INB7 written submission
Oxfam and the People’s Vaccine Alliance written submission for the INB7 meeting
Release date: 6 November 2023
In addition to the statement delivered at the INB7 meeting on 6th November 2023, we have also submitted further detailed comments to the secretariat.
The Pandemic Agreement must include mandatory measures to ensure timely and equitable access to pandemic related products (PRP):
Article 9 should include:
- Conditionalities for public funding of R&D and purchasing contracts for fund recipients to share technology and know-how.
- Prioritization of funding of collaborative research with institutions in the Global South to benefit from their intellectual skills and to build institutional capacity.
Article 10 should :
- Include binding language on local production including creating regional manufacturing hubs in the Global South. Without strong language on funding conditionalities, mandating technology transfer and removing IP barriers, it is not possible to have viable local/regional production.
- Remove the listing of specific articles of the TRIPS Agreement. There are other articles, not listed in the latest draft, that countries can legally use to ensure access. For example, the US allowed vaccine developers to disregard patents 58 times using Article 44 of TRIPS.
Article 11 should include:
- Binding commitment on sharing technology and know-how during pandemics. It should remove language like “when appropriate” and “on mutually agreed terms”, which means that the sharing is up to the will of IP holders who are normally focused on profiteering rather than on public health.
- Obligation of R&D institutions and companies to share the technology and know-how of PRPs to enable local/regional production, including through WHO Technology Access Pools.
Article 12 should include:
- Binding commitment to financial and material benefit sharing beyond the proposed 20% of production. WHO’s system for seasonal flu can be adapted for other pathogens. There is no moral or public health justification for LMICs to share pathogens and then wait for the goodwill of pharmaceutical companies to decide what to supply, when and at what price. Medical technologies related to pathogens with pandemic potential must be treated as global common goods. The PABS System should ensure that PRPs are allocated to all who need them at the same time, equitably in sufficient quantity -not just a small percentage.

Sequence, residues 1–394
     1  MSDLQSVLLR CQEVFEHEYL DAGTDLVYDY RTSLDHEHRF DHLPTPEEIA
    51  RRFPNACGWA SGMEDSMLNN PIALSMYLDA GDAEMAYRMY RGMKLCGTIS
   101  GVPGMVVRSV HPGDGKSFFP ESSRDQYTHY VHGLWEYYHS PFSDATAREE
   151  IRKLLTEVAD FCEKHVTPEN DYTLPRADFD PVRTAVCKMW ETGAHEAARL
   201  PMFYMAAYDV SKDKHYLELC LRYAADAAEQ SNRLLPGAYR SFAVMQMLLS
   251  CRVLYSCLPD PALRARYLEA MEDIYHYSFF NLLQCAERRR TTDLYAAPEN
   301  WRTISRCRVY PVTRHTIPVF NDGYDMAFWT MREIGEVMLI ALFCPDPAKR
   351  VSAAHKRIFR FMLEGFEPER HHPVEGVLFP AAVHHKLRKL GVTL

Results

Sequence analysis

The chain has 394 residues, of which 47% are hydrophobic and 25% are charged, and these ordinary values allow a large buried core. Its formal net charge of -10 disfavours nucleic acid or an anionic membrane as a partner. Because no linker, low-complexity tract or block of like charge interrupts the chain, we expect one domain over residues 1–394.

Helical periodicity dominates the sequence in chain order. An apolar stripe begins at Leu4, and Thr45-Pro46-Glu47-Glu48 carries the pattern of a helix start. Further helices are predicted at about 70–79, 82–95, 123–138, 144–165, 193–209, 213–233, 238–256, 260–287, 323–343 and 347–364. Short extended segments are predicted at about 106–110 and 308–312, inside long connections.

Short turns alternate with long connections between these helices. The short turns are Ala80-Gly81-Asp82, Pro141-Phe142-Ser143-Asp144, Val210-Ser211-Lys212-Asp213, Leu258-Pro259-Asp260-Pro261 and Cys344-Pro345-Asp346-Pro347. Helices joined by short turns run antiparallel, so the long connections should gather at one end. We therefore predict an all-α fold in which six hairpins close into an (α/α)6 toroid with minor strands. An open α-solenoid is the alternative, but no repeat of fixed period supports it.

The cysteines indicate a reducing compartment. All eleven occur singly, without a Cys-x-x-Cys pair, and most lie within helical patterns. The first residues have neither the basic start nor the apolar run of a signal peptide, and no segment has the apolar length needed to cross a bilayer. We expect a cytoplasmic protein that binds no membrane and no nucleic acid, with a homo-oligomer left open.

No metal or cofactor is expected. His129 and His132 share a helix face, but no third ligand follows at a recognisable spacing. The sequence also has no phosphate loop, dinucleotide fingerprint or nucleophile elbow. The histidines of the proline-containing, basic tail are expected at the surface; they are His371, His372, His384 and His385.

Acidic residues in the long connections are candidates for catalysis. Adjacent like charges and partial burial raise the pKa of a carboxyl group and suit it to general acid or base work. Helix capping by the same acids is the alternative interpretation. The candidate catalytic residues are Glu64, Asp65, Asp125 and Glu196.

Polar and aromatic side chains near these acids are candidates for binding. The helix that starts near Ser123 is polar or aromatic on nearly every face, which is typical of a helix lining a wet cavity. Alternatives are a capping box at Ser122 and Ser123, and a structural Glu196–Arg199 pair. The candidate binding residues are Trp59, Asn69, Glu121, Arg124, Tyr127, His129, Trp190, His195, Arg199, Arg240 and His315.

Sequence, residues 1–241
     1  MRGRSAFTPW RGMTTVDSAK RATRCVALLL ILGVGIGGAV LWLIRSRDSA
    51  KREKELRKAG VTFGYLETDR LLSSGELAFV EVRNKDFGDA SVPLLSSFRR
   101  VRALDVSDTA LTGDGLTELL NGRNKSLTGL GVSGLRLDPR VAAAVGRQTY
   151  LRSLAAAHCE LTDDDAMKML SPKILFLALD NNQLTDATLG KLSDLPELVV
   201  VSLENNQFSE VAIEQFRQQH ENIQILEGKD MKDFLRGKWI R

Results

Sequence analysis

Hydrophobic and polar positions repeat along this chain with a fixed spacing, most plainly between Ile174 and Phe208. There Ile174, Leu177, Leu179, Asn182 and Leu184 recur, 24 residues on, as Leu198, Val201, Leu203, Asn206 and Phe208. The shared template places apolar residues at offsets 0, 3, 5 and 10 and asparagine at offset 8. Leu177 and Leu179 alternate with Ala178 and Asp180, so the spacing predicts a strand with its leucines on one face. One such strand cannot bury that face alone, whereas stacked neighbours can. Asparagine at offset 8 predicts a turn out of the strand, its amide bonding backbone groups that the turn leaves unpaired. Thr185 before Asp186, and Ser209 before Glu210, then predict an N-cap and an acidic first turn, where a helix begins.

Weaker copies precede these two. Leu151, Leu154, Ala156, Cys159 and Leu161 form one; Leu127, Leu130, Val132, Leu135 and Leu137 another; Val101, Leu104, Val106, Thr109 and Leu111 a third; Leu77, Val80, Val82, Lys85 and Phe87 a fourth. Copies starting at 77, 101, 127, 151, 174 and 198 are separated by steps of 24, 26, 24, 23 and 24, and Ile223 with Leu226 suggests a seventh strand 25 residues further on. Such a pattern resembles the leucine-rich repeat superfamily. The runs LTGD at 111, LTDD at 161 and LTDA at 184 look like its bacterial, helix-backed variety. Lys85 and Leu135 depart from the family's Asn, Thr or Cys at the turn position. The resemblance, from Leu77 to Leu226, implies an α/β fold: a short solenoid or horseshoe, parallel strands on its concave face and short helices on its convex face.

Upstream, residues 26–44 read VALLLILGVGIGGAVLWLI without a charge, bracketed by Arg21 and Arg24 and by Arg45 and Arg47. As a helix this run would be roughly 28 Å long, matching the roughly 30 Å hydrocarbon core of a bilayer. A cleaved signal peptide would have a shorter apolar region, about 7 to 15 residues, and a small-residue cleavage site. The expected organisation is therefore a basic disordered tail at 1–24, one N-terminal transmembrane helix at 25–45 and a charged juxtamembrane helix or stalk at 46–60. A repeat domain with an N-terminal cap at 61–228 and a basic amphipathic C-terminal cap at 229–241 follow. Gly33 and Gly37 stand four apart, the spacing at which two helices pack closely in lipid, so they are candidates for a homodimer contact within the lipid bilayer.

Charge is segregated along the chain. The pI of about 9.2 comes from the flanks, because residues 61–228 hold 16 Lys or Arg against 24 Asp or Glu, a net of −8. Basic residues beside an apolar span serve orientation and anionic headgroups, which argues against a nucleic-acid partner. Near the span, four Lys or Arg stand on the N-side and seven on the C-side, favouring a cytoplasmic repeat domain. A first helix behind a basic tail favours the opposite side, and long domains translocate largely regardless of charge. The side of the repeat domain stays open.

- Commitment by developed countries to adequate financing of wide human, animal and environment surveillance in the Global South and rapid access to pathogens. Such measures should only be binding on the Global South countries if funding is assured.
Article 13 should include:
- Commitment from the countries that have the technology, production capacity, and ability to buy at high prices to share PRPs s especially when demand exceeds supply.
- WHO’s identification of at-risk groups and commitment to prioritise these groups ALL over the world until there are enough products for all (this is combined with enabling local/regional production to enhance sustained supply for all).
- Commitment to enabling regional mechanisms to lead on production and procurement in their region.
Article 20 should include:
- Commitment of all governments to adequately finance PPR and health systems. The common but differentiated responsibilities commitment has been removed in the latest draft and should be re-inserted. This principle commits all countries to finance health systems, PPR and access to medical countermeasures, each according to their financial resources.
Joe Karp-Sawey, Senior Media Advisor, People’s Vaccine Alliance